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Cleric Journal: Day Thirty-Four



What the hell is it with this swamp? I was standing on the edge of the raft, having a good pee in the morning when I was startled by the shrieking and fighting of rats. See, I hadn’t thought it was a good idea to sleep in the raided village, so after eating my fill of frog legs (and smoking a bunch of meat for later) I retired to the raft, resupplied and ready to take off the this morning. I wanted to see if I could determine who or what had attacked this village of Lizard Folk.

But, no. This ridiculous swamp had supplied me with the joy of vermin. Rats had shown up to feast on the guts and scraps of the giant frog. What a mess. I’d left the spear near the great stone table where I’d butchered the frog and I’d thought to pick it up before heading out. Frankly, I thought if I found a Lizard Folk, they may be happy to have a weapon.   Otherwise I may not have gotten close enough to the village to be a threat, but several large rats noticed me floating close by and decided that I would make a nice addition to their bounty.

Rats are swarm animals. And clever. They scattered from the frog bones and launched themselves toward the raft, swimming in a great scrum toward me. I poled the raft back as far as I could, but it only bought me a few seconds. The first rats scrambled onto the raft before I could react.

Brother Charles reacted quickest, flinging himself down to snatch the first rat in his wicket talons and snapped the neck of the nasty biter with his great beak. I entered the fray kicking rats with my boots, punting rats ten feet or more out into the water, but most just swam back toward me.

This, of course, was not acceptable. I took about three seconds to get my balance in the center of the raft and began playing wack a rat. It was almost fun, except for the viscera. Smashed rats smell fairly foul and they were relentless. I had to kill twenty three before the rest broke off and swam away.

It really wasn’t how I wanted to start my day, believe me. It did, however give me a new project. Trust me, when you are all alone in the wild it’s a really good thing to have a project. Something to keep you from doubting yourself, and to keep the voices in your head at bay. Instead of taking off, I decided to take what the great Semaunya (may her gifts always be bountiful, but perhaps with fewer teeth) had provided me and put it to good use. Using one of the knives Sister Agnes had liberated for me from Cook’s supplies, I spent several hours skinning rats. All those years of scut work in the kitchens really paid off. By the time the sun was high in the sky I had half a dozen rats skinned and gutted and simmering in the stew pot. You know how much we all loved when Cook made her rat stew. It was the second most applauded meal after the that meat you served on the high holy days. Tasty stuff.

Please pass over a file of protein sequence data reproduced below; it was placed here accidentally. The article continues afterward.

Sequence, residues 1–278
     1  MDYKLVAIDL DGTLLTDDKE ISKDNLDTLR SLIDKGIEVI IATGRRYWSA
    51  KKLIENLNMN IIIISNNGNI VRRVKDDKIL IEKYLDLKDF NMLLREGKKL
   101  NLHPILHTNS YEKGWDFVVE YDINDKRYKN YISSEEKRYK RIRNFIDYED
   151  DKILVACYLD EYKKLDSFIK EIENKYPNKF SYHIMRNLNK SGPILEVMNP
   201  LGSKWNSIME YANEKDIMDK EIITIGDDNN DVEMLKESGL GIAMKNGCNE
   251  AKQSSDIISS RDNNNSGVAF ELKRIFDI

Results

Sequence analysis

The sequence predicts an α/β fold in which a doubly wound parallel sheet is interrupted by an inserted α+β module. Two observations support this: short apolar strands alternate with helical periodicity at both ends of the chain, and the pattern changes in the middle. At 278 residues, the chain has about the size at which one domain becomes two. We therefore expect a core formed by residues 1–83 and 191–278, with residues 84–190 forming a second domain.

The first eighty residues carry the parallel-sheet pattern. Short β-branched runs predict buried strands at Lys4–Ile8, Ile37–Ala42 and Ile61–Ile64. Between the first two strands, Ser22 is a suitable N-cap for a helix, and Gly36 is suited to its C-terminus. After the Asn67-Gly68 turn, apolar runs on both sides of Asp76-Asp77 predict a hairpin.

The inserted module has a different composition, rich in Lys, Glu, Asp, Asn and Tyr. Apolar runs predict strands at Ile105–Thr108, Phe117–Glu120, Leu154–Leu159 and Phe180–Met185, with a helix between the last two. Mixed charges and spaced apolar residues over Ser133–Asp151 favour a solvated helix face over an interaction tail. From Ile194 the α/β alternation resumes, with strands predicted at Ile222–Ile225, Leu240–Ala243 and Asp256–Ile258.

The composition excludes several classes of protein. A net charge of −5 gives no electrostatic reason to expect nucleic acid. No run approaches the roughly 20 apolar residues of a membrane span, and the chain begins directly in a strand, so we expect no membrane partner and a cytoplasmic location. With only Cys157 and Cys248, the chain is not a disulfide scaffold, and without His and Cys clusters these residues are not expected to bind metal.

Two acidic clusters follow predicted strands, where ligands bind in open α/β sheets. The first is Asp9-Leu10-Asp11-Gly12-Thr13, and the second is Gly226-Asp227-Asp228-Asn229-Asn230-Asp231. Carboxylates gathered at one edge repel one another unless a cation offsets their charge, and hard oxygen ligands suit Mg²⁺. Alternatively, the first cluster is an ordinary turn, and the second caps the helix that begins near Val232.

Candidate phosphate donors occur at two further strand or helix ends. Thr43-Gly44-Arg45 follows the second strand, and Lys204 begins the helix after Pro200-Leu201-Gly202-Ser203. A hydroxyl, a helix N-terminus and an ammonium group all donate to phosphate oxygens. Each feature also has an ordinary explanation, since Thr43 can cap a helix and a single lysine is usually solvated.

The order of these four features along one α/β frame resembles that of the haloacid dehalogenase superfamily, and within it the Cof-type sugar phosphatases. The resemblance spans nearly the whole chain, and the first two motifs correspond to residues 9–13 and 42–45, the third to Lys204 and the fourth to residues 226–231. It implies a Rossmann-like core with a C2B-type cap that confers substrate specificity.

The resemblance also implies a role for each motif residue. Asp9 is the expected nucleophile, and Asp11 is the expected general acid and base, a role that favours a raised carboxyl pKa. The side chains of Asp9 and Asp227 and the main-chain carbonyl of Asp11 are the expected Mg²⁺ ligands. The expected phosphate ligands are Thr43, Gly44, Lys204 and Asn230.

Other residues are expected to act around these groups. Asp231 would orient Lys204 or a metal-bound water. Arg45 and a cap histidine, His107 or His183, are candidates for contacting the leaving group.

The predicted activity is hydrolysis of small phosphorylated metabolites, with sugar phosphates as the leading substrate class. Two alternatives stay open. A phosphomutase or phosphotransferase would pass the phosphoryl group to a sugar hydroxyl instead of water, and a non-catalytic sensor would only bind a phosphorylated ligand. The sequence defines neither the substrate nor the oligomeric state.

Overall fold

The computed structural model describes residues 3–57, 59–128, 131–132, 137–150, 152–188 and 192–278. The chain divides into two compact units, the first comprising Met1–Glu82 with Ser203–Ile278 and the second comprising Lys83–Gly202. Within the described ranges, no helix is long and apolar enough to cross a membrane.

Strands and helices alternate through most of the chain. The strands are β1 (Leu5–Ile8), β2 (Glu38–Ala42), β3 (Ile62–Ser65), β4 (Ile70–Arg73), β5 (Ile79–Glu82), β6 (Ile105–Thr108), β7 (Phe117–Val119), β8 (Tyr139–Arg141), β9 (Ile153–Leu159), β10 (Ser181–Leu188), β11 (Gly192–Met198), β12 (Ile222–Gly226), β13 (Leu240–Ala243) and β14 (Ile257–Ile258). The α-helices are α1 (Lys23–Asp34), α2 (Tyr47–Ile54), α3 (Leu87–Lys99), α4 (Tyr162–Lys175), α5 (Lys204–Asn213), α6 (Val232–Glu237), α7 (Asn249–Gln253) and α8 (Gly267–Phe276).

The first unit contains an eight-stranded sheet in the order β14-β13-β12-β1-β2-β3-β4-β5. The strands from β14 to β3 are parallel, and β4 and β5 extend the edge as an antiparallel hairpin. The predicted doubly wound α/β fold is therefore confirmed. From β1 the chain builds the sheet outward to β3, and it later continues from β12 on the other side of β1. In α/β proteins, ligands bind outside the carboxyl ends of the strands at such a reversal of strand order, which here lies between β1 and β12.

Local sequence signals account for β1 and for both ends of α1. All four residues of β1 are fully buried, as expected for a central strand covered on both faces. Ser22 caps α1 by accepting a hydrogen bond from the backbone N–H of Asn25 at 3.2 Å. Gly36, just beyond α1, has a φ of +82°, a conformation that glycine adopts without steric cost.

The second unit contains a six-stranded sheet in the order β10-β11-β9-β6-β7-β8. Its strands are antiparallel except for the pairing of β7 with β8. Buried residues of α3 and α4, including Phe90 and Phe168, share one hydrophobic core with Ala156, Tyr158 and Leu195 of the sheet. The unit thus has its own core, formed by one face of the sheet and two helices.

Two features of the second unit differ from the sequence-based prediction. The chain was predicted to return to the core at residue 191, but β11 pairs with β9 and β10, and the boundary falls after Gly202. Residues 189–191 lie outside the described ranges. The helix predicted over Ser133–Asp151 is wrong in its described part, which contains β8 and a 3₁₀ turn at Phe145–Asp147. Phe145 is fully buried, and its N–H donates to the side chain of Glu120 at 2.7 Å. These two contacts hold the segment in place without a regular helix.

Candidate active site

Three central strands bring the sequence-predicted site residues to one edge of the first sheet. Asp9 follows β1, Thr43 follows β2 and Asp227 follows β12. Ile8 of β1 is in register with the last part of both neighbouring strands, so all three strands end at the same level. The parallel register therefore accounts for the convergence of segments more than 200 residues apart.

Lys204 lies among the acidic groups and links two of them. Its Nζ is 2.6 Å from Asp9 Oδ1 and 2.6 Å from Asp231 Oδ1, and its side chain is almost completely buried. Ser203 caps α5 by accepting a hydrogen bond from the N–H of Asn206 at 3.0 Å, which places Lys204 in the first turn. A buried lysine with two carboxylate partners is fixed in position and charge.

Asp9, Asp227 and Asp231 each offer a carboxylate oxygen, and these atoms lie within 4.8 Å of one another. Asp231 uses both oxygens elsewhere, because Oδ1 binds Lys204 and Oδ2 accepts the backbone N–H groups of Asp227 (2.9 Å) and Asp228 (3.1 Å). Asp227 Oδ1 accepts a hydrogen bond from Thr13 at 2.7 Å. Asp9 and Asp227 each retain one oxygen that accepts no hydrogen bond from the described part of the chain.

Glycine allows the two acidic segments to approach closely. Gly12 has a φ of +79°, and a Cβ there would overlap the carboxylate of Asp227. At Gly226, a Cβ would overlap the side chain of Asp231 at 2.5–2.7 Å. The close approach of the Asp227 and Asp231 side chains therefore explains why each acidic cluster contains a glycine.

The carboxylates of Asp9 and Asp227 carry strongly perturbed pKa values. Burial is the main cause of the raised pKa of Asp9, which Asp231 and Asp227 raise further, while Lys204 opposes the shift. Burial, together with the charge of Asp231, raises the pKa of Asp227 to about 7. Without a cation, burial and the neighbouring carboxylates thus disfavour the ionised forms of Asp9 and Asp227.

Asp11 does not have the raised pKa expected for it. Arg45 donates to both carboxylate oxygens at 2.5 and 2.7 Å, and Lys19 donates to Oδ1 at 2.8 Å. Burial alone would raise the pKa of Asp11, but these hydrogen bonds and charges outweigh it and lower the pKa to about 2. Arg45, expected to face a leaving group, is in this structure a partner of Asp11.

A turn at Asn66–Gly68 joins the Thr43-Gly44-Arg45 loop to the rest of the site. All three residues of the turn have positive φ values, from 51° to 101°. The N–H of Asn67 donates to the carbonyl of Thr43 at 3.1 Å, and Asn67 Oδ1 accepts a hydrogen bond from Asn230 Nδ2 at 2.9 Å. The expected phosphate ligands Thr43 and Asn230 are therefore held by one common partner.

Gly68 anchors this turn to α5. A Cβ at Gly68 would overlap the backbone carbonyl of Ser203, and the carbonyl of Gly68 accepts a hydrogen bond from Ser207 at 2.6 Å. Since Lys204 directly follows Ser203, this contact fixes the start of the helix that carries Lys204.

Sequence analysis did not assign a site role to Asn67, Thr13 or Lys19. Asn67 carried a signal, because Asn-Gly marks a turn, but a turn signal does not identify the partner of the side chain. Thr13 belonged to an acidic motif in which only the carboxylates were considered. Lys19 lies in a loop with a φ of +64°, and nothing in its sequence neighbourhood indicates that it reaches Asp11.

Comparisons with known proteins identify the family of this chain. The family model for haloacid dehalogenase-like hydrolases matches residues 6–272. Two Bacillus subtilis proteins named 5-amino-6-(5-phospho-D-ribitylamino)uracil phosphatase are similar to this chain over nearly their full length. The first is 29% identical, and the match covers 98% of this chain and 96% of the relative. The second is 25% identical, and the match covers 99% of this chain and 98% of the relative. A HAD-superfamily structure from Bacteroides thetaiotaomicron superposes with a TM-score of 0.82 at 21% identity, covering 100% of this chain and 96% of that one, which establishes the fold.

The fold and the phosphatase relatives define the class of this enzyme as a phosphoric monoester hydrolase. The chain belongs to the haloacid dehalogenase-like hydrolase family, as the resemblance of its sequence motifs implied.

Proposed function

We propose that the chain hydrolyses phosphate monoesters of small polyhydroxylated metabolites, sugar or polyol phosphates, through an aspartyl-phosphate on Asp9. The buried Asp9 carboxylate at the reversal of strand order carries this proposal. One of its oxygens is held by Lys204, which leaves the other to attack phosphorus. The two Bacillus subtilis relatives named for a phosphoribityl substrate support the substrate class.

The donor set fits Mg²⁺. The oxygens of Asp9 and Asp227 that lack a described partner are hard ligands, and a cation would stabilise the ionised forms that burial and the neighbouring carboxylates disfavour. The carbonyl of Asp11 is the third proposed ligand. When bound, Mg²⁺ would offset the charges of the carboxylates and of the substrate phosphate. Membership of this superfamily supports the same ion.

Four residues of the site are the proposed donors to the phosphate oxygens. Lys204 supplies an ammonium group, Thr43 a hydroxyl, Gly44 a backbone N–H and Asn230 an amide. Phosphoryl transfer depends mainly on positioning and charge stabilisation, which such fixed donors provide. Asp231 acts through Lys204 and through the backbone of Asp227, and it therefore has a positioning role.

I added some of the root vegetables I found in the swamp and made a nice thick rat stew long before the sun set. Oh, and I know how long to cook a rat. I was always a quick study. Once the meat began to fall apart in your fingers, and the vegetable had thickened the stew enough to become hard to stir, it was time to feast.

I just wish I had the Lizard Folk here to feast with me.

Tomorrow I’ll tan the rat hides. I think I can make a nice set of gloves out of them, and a hat to match. Maybe some belt pouches or something. I’d figure it out eventually.

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What I'm Reading


D&D 5E Player’s Handbook


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The wild ox; strength and power.


Creativity; words, music, and art.


The troll cross; wealth and prosperity.


The sun; energy, honor, guidance.


Personally earned or lucky wealth and prosperity.


The harvest; patience and promise.


The chariot; journey and travel.

Note: This is not the real book cover.